Dickson and Welch have attributed this painting to a great-nephew of Bihzad, Muzaffar ‘Ali, who spent his whole career working for Shah Tahmasp. His earliest paintings appear in the Shahnama, but he went on to contribute to all the major royal commissions during Tahmasp’s reign. He "died not long after the Shah," around 1576, having not only produced illustrations for manuscripts but also having helped, in the 1550s, to decorate the walls of Tahmasp’s new palace in Qazvin. A masterful painter of horses, Muzaffar ‘Ali produced compositions such as this one that appear to fly apart, with rocks jutting every which way. Unlike his meticulous uncle Bihzad, Muzaffar ‘Ali was extremely painterly in his brushwork, particularly on the rocks, almost as if he were experimenting with wash technique rather than conforming to the more typical Safavid penchant for saturated colors.
Sheila R. Canby in [Ekhtiar, Soucek, Canby, and Haidar 2011]
1. Dickson and Welch 1981, vol. 1, p. 4; Welch 1972, p. 53.
2. Robert Hillenbrand contended that, by the early sixteenth century, illustrated Shahnama manuscripts had gone out of fashion as commemorative volumes for new rulers. However, his suggestion that fifteenth-century rulers commissioned only illustrated books of mystical or love poetry did not take into consideration the major works on the wars of Timur, the Zafarnama, or the religious manuscript, the Mi‘rajnama, produced for the Timurid sultan, Abu Sa‘id. Hillenbrand, R. in Melville 1996, pp. 54–56. Both Shah Tahmasp’s successor, Shah Isma‘il II, and his successor, Shah ‘Abbas, commissioned illustrated Shahnamas at the start of their reigns, which suggests that the choice to embark on such a project was connected to their identity as Safavid rulers, distinct from their Turkmen and Timurid predecessors.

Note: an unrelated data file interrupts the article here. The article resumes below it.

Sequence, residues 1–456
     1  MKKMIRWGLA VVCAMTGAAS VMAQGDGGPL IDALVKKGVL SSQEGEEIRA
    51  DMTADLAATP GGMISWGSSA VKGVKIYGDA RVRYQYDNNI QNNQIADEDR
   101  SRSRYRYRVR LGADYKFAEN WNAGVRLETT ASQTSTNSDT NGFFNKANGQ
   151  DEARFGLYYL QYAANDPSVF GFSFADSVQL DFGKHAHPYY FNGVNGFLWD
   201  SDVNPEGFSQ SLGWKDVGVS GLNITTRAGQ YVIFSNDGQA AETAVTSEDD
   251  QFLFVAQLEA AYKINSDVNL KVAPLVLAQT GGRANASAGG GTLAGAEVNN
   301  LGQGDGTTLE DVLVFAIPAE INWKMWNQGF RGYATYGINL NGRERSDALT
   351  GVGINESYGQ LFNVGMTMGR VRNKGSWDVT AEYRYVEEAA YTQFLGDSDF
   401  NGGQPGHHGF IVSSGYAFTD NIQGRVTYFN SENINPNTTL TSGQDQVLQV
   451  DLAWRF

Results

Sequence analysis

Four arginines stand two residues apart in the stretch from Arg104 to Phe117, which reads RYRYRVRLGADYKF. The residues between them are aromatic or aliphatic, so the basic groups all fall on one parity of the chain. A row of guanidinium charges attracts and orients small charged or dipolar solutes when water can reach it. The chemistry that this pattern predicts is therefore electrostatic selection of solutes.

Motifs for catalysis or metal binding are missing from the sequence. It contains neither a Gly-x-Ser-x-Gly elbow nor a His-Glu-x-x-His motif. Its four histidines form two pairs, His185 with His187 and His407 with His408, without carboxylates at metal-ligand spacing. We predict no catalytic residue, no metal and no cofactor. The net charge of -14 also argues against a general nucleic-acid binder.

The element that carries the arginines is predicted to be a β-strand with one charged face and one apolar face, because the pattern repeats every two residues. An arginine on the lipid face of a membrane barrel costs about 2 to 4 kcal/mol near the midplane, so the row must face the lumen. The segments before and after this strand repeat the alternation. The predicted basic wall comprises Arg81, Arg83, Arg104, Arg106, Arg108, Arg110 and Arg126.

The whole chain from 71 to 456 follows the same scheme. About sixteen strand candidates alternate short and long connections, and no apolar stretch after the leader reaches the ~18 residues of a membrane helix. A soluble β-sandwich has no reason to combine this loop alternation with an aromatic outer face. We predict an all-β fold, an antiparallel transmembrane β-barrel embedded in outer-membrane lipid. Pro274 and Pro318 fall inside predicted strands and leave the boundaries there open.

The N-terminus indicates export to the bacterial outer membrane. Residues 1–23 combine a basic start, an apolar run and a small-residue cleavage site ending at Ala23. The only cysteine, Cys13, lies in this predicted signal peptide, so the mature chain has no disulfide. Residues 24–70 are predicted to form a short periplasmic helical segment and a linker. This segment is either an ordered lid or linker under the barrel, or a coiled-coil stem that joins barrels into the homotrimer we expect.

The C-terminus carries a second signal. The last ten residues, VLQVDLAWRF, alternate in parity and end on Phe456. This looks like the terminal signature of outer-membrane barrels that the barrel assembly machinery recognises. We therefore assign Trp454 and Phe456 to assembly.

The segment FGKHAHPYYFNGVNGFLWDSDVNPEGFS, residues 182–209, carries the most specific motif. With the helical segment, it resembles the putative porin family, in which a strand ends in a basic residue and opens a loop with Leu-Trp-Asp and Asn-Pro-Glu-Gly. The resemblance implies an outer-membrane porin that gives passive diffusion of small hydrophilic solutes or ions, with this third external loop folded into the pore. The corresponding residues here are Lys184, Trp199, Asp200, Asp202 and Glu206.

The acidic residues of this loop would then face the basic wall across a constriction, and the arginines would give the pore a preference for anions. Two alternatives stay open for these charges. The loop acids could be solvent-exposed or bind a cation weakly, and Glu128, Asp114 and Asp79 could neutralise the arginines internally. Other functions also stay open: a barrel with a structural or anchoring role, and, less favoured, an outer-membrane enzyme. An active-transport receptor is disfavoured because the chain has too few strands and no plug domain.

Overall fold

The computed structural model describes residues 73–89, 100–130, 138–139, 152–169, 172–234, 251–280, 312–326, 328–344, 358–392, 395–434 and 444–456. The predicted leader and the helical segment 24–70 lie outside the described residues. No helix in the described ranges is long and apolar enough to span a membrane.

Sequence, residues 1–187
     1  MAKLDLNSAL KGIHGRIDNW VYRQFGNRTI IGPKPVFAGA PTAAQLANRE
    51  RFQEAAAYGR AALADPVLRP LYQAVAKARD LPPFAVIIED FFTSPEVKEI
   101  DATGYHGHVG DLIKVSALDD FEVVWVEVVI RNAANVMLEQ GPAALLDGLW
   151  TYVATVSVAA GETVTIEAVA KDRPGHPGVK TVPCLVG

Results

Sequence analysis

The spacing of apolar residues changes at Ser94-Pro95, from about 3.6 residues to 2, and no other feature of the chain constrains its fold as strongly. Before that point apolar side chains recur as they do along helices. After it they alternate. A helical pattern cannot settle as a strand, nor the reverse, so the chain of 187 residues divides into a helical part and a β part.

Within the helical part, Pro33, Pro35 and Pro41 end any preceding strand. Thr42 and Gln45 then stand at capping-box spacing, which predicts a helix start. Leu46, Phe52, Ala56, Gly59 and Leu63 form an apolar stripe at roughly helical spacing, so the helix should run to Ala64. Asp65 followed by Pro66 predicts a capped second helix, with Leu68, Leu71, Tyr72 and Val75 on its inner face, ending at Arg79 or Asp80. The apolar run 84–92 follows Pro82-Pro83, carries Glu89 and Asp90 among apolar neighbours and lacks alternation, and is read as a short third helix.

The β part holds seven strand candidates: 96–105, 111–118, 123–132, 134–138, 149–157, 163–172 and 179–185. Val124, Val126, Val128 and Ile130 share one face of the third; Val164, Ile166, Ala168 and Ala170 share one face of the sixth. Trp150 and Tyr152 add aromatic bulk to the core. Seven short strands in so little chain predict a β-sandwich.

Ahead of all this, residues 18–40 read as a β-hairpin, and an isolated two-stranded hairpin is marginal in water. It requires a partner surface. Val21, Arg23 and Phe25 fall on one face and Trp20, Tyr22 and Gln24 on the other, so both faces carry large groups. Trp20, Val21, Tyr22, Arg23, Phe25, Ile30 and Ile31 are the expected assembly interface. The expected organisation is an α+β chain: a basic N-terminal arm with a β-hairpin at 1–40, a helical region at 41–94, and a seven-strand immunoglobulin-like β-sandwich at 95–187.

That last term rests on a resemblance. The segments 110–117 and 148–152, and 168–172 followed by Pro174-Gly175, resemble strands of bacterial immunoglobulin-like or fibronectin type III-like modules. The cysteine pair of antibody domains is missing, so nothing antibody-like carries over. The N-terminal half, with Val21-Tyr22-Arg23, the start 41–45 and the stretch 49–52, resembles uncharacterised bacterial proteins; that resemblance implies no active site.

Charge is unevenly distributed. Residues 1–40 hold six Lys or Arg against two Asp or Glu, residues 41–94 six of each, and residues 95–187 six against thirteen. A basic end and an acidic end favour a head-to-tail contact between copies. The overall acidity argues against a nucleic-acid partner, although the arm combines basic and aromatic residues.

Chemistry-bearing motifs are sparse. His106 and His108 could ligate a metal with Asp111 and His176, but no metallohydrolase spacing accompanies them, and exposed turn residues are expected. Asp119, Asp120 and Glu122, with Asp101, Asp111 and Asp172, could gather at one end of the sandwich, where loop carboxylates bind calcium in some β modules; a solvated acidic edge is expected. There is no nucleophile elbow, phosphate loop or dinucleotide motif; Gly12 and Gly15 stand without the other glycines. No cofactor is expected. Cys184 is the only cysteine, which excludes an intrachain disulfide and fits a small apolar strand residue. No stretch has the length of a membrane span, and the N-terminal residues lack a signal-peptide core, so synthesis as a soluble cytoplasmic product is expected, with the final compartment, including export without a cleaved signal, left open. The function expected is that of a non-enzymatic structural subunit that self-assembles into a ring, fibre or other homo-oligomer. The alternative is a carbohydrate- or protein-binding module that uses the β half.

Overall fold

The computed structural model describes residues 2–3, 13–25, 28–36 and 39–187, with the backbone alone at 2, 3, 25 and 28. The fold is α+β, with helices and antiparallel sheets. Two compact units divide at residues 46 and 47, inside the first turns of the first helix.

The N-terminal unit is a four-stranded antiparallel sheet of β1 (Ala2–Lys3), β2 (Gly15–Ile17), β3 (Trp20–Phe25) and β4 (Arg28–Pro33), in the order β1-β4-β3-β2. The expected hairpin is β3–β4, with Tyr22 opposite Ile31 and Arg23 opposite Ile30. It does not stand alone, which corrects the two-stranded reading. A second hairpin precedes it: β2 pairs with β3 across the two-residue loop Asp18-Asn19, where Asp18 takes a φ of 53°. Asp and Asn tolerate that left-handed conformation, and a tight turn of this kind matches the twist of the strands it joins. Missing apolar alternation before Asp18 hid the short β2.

3. Ahmad ibn Mir Munshi al-Husaini. Calligraphers and Painters: A Treatise by Qadi Ahmad, Son of Mir- Munshi (circa A.H. 1015/A.D. 1606). Translated by V[ladimir] Minorsky. Smithsonian Institution Publication 4339. Freer Gallery of Art Occasional Papers, vol. 3, no. 2. Washington, D.C., 1959, pp. 180–81.
4. Welch 1972, pp. 48–54, 60; Dickson and Welch 1981, vol. 1, pp. 34, 45.
5. Canby 1993, pp. 79–80, dates the painting to about 1515–22.
6. Dickson and Welch 1981, vol. 1, p. 5; Welch 1972, pp. 62–63, 84.
18. Dickson and Welch 1981, vol. 1, p. 155.
19. Beg Monshi, Iskandar. History of Shah ‘Abbas the Great (Tarik-e ‘Alamara-ye ‘Abbasi). Translated by Roger M. Savory. 2 vols. Persian Heritage Series, 28. Boulder, Colo., 1978, vol. 1, p. 271.
Inscription: In Nasta’liq script-- verses from the Shāhnama of Ferdowsī: پادشاهي خسرو پرویز (story of rule of Khusrau Parviz)
(Abu’l-Qasim Ferdowsi,The Shāhnāmeh, ed. Djalal Khalqi- Muṭlagh, Mazda publishers in association with Bibliotheca Persica, Costa Mesa, New York, 2008, vol. 8, pp. 144–45).
Shah Tahmasp, Iran (until 1568; gifted to Selim II); Sultan Selim II (Turkish), Istanbul (from 1568); Sultan Selim III, Istanbul (by 1800); Baron Edmond James de Rothschild (French), Paris (by 1903–d. 1934); his son, Baron Maurice de Rothschild, Paris and Geneva (1934–d. 1957); his son, Baron Edmond Adolphe de Rothschild, Paris and Geneva (1957–59); [ Stiebel Ltd., New York, until 1959; sold to Houghton]; Arthur A. Houghton Jr., New York (1959–70; gifted to MMA)
Migeon, Gaston. "Exposition des Arts Musulmans au Musee des Arts Decoratifs." Les Arts no. 16 (1903).
Welch, Stuart Cary. A King's Book of Kings: the Shah-nameh of Shah Tahmasp. New York: The Metropolitan Museum of Art, 1972. p. 197.
Swietochowski, Marie, and Richard Ettinghausen. "Islamic Painting." Metropolitan Museum of Art Bulletin, n.s., vol. 36, no. 2 (Autumn 1978). p. 26, ill. (color).
Dickson, Martin, and Stuart Cary Welch. The Houghton Shahnameh. Vol. vols. I & II. Cambridge, Mass. and London, England: Harvard University Press, 1981. vol. II, ill. pl. 255 (b/w).
Canby, Sheila R. Persian Painting. London: British Museum Press, 1993. pp. 79–80.
Melville, Charles, ed. Safavid Persia : The History and Politics of an Islamic Society. Pembroke Persian papers. London - New York: I. B. Tauris, 1996. pp. 54–56.
Canby, Sheila R. The Shahnama of Shah Tahmasp : The Persian Book of Kings. Madrid, 2011. p. 275, ill. (color).
Ekhtiar, Maryam, Priscilla P. Soucek, Sheila R. Canby, and Navina Haidar, ed. Masterpieces from the Department of Islamic Art in The Metropolitan Museum of Art. 1st ed. New York: The Metropolitan Museum of Art, 2011. no. 138F, pp. 7, 202–8, ill. p. 206 (color).
Canby, Sheila R. The Shahnama of Shah Tahmasp : The Persian Book of Kings. New York: The Metropolitan Museum of Art, 2014. pp. 317, 324, ill. fol. 708v, full-page ill. p. 317; detail p. 324.